Leaves of grass: Dateline 4/20 – High Point market

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by Nicole CrewsNicole_Crews_01

Mom: What is with 4-20?

Me: It was the police code for marijuana smoking in progress back in the day and has a lot of other origin stories but it pretty much means Weed Day.

Mom: I thought it was called “grass?”

Me: There are a lot of names for it. And you know it’s legal in a lot of places now.

Mom: Not in my backyard.

Me: I’ll be sure to let the gardener know that you will be having no grass in your backyard — ever.

Mom: I hear it’s not environmental anyway.

Me: Grass or grass?

Mom: Don’t get smart with me kid.

A wave of nostalgia has been enveloping our land of late and it’s evident in the kiddy comfort foods we crave, the throwback fashions we wear, the vinyl we spin, the memory-fueled fun from childhood we seek out, the document vintage and retro-inspired furniture we desire and the homes we live in.

A retro-inspired kid hang out room by Charlotte-based designer Aida Saul.
A retro-inspired kid hang out room by Charlotte-based designer Aida Saul.

Flowing from mid-century modern design forward into the funky, flamboyant waters of the 1970s, these looks of yesteryear have come to pool in that most wistful stretch of real estate: the great American backyard. It’s staycation central for a generation of those to whom “hanging out” is an art form as well as for those of us whose lifestyle has been downsized. The flashback palate du jour is sated via food truck and harks back to the carnivals and fairs of kiddom. Heck, even destination vacations are about to get retro with Cuba opening up. The festival circuit is, let’s face it, essentially a more diversified and monetized collection of gatherings based on Dead shows and ’60s happenings.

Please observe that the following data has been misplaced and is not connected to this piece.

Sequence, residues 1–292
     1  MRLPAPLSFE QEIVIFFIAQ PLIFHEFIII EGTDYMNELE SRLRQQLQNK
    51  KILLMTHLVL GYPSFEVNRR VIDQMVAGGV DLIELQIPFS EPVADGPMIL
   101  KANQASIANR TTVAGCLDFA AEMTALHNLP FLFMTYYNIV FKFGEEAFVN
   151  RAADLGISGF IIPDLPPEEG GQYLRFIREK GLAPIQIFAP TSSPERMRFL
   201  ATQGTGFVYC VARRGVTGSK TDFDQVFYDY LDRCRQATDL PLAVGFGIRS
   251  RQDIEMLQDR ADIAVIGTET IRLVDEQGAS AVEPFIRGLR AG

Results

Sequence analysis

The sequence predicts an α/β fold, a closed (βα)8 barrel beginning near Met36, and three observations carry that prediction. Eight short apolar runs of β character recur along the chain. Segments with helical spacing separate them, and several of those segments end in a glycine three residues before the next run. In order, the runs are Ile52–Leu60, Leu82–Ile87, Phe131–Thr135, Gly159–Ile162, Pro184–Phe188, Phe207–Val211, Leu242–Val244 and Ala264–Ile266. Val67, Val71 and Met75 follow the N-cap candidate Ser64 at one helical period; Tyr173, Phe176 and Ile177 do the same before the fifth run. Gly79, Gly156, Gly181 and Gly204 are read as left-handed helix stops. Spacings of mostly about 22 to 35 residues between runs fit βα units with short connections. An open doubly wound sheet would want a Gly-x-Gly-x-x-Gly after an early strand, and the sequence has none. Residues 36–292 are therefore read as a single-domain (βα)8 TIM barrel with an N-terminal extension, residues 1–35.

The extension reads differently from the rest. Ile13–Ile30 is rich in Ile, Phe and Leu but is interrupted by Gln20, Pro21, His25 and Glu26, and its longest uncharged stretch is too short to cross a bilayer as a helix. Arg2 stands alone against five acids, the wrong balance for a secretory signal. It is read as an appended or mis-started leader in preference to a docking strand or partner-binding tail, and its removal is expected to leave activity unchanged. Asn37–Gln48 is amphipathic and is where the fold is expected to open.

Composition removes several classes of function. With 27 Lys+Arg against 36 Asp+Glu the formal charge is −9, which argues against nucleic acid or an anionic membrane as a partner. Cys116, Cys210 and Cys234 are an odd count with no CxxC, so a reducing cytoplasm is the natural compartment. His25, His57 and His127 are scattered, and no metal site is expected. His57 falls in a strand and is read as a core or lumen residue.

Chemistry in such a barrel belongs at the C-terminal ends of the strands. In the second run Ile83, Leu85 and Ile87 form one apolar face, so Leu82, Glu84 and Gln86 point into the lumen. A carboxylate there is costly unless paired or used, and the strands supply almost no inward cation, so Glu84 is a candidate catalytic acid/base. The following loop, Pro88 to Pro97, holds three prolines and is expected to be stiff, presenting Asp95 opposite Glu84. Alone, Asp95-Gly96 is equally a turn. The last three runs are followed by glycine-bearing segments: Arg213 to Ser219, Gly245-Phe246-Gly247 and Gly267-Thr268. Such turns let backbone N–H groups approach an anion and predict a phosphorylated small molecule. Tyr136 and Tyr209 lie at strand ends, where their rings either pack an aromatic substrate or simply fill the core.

It makes sense, because in times of economic uncertainty, global unrest and climate insurgencies, the comfort of the past is a handy narcotic to rely upon — especially when it’s in your own backyard.

Whether you grew up with the advent of modern suburbia when the US was experiencing a Levittown, trickle-down, post-WWII housing high (when grass was still that green stuff that makes up lawns) or were born a decade or three later, the backyard was a rite of passage.

The nature-nurtured children of the 1960s kicked off their shoes and ran barefoot through it. (Ever heard of Woodstock? Yeah, so what if it was someone else’s backyard?)

Even the television-addled latchkey kids of the ’70s dragged themselves away from their sitcoms and after-school specials for the occasional game of kickball.

The ’80s kids had MTV and early video games to fuel their imaginations but music festivals and adventure sports managed to drag them from the arcade and the video channel into the wild.

Today, many of us are driven back to those simpler times, and drugs were often the transcendental wallpaper of those times. It’s like the lyrics of that Soul Asylum song: “We were too young to be hippies/ Missed out on the love. We turned to a teen in the late ’70s/ in the summer of the drugs.” Whether or not the that decade applies, most born in the ’60s, ’70s, ’80s or ’90s have a relationship with drugs, even if it meant avoiding them, straight-edge style. And marijuana — like it or not — is headed for the old mainstream.

Sometimes history is well worth repeating, and while the bomb shelter hasn’t made an across the backyard comeback yet, I have a feeling that it could very well be the next man cave. Of course it will be camouflaged by grass.